With more consumers interested in the materials that make up their clothing, retailers must ensure the necessary checks are in place when selling items as faux fur or risk losing the trust of shoppers.
Shoppers are becoming more aware of the products they buy and the environmental impact of their purchases. As a result, consumers are reducing the amount of clothing they purchase and are reconsidering how frequently they buy, as well as putting a greater focus on animal welfare.
In reaction to the latter, clothing retailers must ensure the products they sell that contain imitation animal fur or skins, e.g. faux fur pompoms or pleather (imitation leather made from polyurethane), either do not contain any traces of animal products or that if traces may be present, that this is stated in the product description.
Boohoo, Misguided faux fur
Boohoo recently faced the wrath of consumers when it did not make the necessary checks when declaring one of its products was faux fur. Its ‘faux fur’ pompom jumper was found to have real animal fur in the detailing (thought to be from rabbit).
For the consumer, it can be difficult to determine what is real and what is fake, particularly when shopping online.
Boohoo should have learned from its competitor’s mistake, with Misguided found to be selling a pair of shoes advertised as having faux fur pompom trims, which contained real fur in 2017. While the retailer did pull this product from its site when this was discovered, just as Boohoo has done, it highlights the challenges that consumers face when shopping for clothing and footwear. Retailers must make a concerted effort to ensure that products are labelled correctly and provide full details about what the products are made of, or risk alienating and losing the trust of the growing proportion of animal-friendly customers.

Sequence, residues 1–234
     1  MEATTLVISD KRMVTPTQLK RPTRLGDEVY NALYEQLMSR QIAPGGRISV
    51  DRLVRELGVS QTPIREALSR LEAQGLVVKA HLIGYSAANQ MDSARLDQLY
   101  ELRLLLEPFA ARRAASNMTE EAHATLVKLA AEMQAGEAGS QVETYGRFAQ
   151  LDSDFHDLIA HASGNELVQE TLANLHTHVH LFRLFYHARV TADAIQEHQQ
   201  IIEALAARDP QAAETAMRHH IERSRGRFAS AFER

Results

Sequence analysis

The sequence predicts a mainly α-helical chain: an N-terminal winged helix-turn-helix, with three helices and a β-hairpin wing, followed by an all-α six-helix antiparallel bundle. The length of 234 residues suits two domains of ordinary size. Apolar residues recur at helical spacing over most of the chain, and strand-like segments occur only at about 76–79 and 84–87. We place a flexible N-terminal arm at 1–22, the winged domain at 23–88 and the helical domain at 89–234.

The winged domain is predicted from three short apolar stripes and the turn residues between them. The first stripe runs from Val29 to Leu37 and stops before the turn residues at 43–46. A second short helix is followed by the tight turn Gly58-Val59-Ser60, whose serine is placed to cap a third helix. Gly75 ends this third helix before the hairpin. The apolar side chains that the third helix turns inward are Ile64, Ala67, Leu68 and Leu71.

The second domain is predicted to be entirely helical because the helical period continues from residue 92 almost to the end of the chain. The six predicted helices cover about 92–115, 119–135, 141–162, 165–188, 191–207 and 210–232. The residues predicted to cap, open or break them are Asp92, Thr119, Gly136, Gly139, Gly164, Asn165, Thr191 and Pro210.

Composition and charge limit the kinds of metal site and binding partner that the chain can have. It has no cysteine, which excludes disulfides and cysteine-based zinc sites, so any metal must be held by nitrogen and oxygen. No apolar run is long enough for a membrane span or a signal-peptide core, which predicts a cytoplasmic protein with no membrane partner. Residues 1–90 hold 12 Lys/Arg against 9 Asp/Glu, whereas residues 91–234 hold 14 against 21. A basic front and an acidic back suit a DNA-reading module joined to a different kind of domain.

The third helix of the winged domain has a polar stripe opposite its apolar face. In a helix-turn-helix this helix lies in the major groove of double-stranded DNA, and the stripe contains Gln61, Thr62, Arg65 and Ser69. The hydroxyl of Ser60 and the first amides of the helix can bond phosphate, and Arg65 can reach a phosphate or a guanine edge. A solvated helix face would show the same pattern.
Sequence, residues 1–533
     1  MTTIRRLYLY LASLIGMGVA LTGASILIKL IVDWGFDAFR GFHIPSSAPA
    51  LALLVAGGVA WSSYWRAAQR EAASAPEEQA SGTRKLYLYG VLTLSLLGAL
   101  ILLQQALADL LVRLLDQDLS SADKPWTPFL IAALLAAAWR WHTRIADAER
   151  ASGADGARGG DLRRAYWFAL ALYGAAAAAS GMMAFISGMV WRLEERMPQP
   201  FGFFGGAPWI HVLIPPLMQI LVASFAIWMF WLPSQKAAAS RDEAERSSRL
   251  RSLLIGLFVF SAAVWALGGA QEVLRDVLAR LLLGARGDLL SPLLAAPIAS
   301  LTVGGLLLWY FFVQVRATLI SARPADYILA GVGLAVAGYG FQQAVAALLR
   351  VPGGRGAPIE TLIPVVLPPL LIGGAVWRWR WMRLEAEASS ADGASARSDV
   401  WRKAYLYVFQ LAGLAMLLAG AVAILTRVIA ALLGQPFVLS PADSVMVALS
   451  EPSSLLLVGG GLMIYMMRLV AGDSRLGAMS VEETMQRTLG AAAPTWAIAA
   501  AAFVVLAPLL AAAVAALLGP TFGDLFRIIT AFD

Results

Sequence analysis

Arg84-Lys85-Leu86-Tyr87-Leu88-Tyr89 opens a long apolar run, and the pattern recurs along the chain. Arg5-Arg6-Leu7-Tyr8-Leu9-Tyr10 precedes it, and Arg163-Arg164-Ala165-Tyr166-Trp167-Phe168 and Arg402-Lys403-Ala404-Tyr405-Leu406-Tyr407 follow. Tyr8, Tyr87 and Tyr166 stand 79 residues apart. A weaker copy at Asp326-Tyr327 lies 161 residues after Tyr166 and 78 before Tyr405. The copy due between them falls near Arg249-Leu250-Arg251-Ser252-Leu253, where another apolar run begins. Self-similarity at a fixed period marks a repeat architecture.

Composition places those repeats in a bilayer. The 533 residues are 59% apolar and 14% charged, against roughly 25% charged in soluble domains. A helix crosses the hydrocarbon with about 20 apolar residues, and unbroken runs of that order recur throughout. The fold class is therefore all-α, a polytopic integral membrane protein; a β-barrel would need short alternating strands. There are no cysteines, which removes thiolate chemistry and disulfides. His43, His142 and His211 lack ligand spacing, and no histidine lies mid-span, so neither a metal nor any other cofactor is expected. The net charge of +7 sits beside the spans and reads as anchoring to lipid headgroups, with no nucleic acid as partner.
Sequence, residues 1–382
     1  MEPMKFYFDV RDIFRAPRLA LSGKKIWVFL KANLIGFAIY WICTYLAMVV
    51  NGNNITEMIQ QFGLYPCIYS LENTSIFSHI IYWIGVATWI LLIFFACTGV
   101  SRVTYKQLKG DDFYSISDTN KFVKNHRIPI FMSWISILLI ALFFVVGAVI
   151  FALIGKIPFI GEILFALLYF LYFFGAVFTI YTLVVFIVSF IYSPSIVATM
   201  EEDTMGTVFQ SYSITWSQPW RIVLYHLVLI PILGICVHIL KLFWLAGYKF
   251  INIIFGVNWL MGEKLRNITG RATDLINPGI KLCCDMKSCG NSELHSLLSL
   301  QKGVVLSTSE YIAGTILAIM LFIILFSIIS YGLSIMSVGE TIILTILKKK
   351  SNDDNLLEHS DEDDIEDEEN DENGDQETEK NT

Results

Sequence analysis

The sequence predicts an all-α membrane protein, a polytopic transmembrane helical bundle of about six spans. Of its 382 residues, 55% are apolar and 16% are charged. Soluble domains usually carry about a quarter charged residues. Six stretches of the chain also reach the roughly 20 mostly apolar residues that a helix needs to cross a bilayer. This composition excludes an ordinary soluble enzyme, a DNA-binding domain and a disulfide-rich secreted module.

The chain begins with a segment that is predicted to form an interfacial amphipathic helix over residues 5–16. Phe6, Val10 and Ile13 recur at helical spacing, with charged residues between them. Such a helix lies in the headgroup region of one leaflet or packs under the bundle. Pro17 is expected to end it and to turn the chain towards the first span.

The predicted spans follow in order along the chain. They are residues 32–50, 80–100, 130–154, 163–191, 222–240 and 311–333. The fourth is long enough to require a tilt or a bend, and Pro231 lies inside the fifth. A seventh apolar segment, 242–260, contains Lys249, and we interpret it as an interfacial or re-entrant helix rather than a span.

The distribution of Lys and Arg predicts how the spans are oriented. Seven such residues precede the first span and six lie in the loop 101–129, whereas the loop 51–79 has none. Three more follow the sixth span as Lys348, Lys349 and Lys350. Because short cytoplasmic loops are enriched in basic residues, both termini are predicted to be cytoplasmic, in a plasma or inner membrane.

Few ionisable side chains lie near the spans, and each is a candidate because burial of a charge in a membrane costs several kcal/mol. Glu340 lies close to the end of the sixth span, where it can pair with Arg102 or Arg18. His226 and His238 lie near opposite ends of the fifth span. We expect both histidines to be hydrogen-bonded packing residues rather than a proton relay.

While Boohoo has stated that it has ‘robust’ policies and procedures in place to ensure it does not sell real fur products, but when these measures fail customers will question whether these mistakes are made out of negligence.
This type of mistake can be highly damaging for a retailer’s image and may take a long time to repair, and given the availability to test these items before they reach shoppers, retailers have no excuses for misleading consumers.